In an Ohio state of mind? Vote absentee

Ah, fall. The season of yellowing leaves, cable-knit sweaters, and voter registration cards. Fall at Yale is the season of political pleas, when student activists canvass the campus, doing everything in their power to ensure that every Yalie is in a voting booth on Election Day. But with this fall’s hotly contested presidential race, the standard voter registration drives are taking an atypical turn. On-campus political groups are helping students in swing states register to vote in their home states and holding absentee ballot drives to teach students how to navigate the process.

Republicans and Democrats alike want to teach students to take advantage of the numerous states where polling indicates the presidential race will be close. There are, of course, the expected swing states — Florida, Ohio, Pennsylvania — but this year there are others, too, states like Colorado and Virginia, where the election could be reasonably close for the first time in decades.

Students from these states, and others, have the potential to have a huge impact on this race, and we encourage students who feel invested in their home states to vote there. Sure, that requires going online and filling out forms in advance instead of just walking over to Dwight Hall on Nov. 2, but students shouldn’t use laziness as an excuse. Everyone gets one vote, but not all votes end up counting equally. Republican or Democrat, students should consider where they have the potential to make the most difference. And for many of us, that place is not Connecticut, which is almost certain to go to the Dems. Deadlines for applying for an absentee ballot are fast approaching, and now is the time to decide.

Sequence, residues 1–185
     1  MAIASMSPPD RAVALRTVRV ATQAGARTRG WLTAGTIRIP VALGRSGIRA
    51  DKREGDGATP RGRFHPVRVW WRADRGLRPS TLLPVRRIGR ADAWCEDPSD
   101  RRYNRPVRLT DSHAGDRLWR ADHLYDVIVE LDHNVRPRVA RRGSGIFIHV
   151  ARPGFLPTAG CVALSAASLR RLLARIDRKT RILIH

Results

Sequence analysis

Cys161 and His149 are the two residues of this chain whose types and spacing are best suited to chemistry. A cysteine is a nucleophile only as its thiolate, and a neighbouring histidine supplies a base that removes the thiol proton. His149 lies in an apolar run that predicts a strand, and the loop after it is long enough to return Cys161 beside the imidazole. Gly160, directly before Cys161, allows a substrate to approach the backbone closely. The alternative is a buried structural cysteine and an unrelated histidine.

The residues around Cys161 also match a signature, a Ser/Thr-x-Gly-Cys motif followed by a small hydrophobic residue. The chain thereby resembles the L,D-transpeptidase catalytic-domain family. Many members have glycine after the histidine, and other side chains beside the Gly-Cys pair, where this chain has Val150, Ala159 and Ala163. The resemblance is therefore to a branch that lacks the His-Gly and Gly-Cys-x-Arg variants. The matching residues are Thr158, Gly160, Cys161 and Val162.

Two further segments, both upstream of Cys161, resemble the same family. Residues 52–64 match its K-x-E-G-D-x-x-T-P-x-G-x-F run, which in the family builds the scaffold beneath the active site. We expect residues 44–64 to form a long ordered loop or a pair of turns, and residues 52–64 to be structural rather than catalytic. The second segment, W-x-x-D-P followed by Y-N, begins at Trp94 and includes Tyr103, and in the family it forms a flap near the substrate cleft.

It certainly seems easier to vote in Connecticut, but students shouldn’t be discouraged by the absentee voting process. It may seem like absentee votes — which may not be counted until long after election day or maybe not at all — are throwaways, and sending off a piece of paper weeks before an election certainly doesn’t have the same feel of participatory politics that walking into a voting booth on election day does. But that shouldn’t matter. Given how the 2000 election ended, no one should question the importance of casting a vote.

But there is more to it than simply planning your presidential vote strategically. If you’re going to vote in your home state, actually vote in your home state. Read up about local issues if you haven’t been following them. Study the local races. The smaller the issue or the race is, the more your vote counts. There are competitive races, especially for congressional seats, and important referenda taking place all over the country. It would be tragic to get an absentee ballot and then send it in with only a single line — the one for the presidential candidate — filled out. Don’t view an absentee ballot, or any ballot, as important only for its potential to hand victory to your ideal presidential candidate. Hard as it may be to believe, there is more at stake in November than simply who ends up living in the White House.

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